Despite the fundamentals saying otherwise, the financial trauma of 2008 still hangs like a nightmare on the brains of the living. This trauma cannot be expunged by monetary or fiscal policies alone, but by the creation of a new political environment and more important, through leadership integrity and responsibility, the creation of a new ethos of nation building, the creation of a new inclusive political economy narrative which removes the binary nature of our politics and non-partisan approach to human rights and dealing seriously with corruption.

Exchange rate management

First and foremost, you cannot have a liberalised unregulated market-based system operating side-by-side with a regulated formal system. The former will always win as all naturally seek profit. You also cannot police compliance to a less preferred system as it becomes costly, cumbersome and inconvenient.  By the same token, it is dangerous for any economy to allow price discovery of a scarce resource to be dominated by speculative and not productive endeavour. These are the dilemmas we face. Added to this, is the fact that the structure of the economy has become predominantly informalised, making formal neo-classical economic policy tools redundant.

Having taken account of the above, my approach would be to let the market forces determine the price and then manage the consequences. That for me would be the more progressive alternative than trying to police compliance because this does not make things better but tries to deny the market realities.

Strengthening demand for local currency

The demand for local currency is based on its perceived value and not its use. In other words, using local currency is a choice made based on its perceived value by users and not on the necessity to have to use it. Policy should, therefore, focus on creating value.

The perception of value in a currency requires a cocktail of measures over time, key being price stability. Price stability comes from macro-economic stability certainty and economic policy consistency and relevance. Economic policy becomes consistent and relevant when it is well-informed and deliberately takes into account the needs and concerns of those affected by it and addresses those needs as a priority. It is neither prescriptive nor forced on its recipients. That in my opinion, builds the necessary confidence required.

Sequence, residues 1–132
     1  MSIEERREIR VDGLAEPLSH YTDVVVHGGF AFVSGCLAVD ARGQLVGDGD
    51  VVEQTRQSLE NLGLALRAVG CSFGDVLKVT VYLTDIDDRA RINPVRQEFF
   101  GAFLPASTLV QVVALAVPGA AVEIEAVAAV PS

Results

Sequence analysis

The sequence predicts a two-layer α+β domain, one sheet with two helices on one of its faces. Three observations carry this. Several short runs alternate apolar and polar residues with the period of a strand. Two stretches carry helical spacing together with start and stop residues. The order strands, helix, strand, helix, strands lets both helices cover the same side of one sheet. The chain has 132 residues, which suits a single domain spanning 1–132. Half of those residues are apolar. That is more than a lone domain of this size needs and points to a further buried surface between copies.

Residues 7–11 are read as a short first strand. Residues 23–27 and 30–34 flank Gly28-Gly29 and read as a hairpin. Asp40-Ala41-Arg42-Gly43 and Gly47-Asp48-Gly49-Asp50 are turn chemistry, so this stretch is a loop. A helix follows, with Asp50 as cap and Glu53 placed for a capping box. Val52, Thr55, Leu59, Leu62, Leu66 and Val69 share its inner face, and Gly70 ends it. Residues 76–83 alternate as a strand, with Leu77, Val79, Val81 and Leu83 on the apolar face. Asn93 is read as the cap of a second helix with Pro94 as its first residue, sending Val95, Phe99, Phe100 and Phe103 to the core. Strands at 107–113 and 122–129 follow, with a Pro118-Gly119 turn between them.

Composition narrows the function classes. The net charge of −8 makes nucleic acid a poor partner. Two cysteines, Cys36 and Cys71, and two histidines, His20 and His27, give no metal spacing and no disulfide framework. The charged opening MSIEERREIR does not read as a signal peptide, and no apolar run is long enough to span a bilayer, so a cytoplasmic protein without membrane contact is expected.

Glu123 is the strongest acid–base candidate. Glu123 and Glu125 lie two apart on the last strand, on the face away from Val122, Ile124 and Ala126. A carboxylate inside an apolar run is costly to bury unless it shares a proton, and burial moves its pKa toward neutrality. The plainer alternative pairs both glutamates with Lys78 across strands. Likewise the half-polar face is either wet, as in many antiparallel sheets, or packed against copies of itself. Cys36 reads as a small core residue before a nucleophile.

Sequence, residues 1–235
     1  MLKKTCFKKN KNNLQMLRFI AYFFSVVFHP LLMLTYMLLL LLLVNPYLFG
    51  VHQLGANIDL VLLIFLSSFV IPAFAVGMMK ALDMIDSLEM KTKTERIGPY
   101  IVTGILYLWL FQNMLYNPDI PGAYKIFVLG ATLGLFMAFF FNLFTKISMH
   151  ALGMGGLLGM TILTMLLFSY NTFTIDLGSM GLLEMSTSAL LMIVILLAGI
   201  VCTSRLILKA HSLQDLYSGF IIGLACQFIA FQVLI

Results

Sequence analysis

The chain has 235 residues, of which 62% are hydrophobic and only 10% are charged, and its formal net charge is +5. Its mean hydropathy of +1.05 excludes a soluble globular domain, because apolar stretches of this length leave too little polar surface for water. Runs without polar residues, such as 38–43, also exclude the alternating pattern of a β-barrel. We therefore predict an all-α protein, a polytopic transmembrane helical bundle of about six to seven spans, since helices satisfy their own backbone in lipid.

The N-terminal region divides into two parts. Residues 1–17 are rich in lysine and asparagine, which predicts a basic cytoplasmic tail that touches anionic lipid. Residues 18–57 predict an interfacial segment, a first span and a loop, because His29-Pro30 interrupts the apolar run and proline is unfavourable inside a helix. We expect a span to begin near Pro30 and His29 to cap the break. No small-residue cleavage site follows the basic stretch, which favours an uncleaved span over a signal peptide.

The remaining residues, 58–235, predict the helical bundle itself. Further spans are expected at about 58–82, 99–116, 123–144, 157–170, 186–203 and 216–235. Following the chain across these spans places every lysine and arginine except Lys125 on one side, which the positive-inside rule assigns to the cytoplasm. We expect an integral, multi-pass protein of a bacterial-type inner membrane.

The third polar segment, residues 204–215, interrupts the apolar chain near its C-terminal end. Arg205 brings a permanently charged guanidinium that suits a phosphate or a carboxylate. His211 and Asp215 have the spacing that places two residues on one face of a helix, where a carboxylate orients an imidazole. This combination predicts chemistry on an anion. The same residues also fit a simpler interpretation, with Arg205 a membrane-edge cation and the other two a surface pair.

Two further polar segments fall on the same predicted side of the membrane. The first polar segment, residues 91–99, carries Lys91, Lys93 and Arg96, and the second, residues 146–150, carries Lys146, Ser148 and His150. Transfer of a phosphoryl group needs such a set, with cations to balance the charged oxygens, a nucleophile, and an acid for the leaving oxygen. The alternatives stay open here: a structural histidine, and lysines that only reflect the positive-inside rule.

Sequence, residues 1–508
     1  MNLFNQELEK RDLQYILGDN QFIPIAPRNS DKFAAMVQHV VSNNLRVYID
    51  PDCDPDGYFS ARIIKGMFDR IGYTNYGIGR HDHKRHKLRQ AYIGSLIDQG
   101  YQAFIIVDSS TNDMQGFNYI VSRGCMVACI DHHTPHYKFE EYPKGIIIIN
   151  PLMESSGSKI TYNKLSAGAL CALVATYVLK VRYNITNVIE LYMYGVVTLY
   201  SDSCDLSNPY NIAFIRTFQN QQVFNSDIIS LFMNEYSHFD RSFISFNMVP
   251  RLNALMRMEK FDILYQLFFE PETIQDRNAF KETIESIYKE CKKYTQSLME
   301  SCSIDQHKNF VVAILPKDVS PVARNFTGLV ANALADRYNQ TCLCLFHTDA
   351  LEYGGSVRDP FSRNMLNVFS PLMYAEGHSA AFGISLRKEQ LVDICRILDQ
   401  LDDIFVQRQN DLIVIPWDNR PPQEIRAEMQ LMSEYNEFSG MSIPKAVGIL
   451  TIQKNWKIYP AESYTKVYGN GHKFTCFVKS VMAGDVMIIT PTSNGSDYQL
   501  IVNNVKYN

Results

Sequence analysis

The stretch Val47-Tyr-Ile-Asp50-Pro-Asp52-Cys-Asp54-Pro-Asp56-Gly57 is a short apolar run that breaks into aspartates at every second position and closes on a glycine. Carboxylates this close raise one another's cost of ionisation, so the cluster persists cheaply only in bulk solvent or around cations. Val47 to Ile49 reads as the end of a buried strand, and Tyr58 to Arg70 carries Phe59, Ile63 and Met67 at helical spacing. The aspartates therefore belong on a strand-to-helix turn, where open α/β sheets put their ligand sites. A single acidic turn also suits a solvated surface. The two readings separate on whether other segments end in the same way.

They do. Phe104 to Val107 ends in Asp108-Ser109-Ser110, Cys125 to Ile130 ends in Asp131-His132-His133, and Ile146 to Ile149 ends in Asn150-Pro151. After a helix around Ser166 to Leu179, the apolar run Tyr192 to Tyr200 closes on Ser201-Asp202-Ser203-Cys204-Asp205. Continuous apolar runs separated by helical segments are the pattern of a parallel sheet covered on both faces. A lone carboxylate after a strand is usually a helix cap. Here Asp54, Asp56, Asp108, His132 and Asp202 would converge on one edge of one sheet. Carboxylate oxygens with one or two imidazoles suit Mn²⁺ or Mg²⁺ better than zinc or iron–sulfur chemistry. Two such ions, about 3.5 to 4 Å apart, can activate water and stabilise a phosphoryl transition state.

Taxation

As a principle, all taxes should be payable in the currency in which the income is generated. Other taxes not related to income generated by the taxpayer should be payable in local currency.

Regulation of the stock exchange

Speculative investment should attract higher tax rates as we seek to direct scarce resources to productive and not speculative endeavour. The stock exchange is an important investment platform for the economy but can be and has been at times far removed from the real economy. It must, however, be regulated and monitored to ensure compliance to financial regulatory laws.

Suspending lending by banks

I must confess that I do not have adequate information at this stage to understand the reasons for this unfortunate move, suffice it to say the economic implications could cost more than the benefits. This in my view is a blunt instrument that may further fuel a general lack of confidence in the financial services system and unfortunately discourage deposits.

Zupco monopoly

Monopolies are inefficient tools of delivering critical public services and this problem is further exacerbated when that monopoly is not well-managed and lacks capacity to meet demand. Liberalising the  passenger transport sector is an urgent need but prequalification and strict regulation is key to ensure passenger and traffic safety, affordability, convenience and business viability.

In conclusion I would say that the best approach to tackling the socio-economic problems we face is inclusion of and consultations with key stakeholders in coming up with viable solutions. This will avoid the “us and them” syndrome and create sustainable outcomes and thus avoid continuous crisis management.

In conclusion I would say that the best approach to tackling the socio-economic problems we face is inclusion of and consultations with key stakeholders in coming up with viable solutions. This will avoid the “us and them” syndrome and create sustainable outcomes and thus avoid continuous crisis management.

  • Vince Musewe is an economist and you may contact him n vtmusewe@gmail.com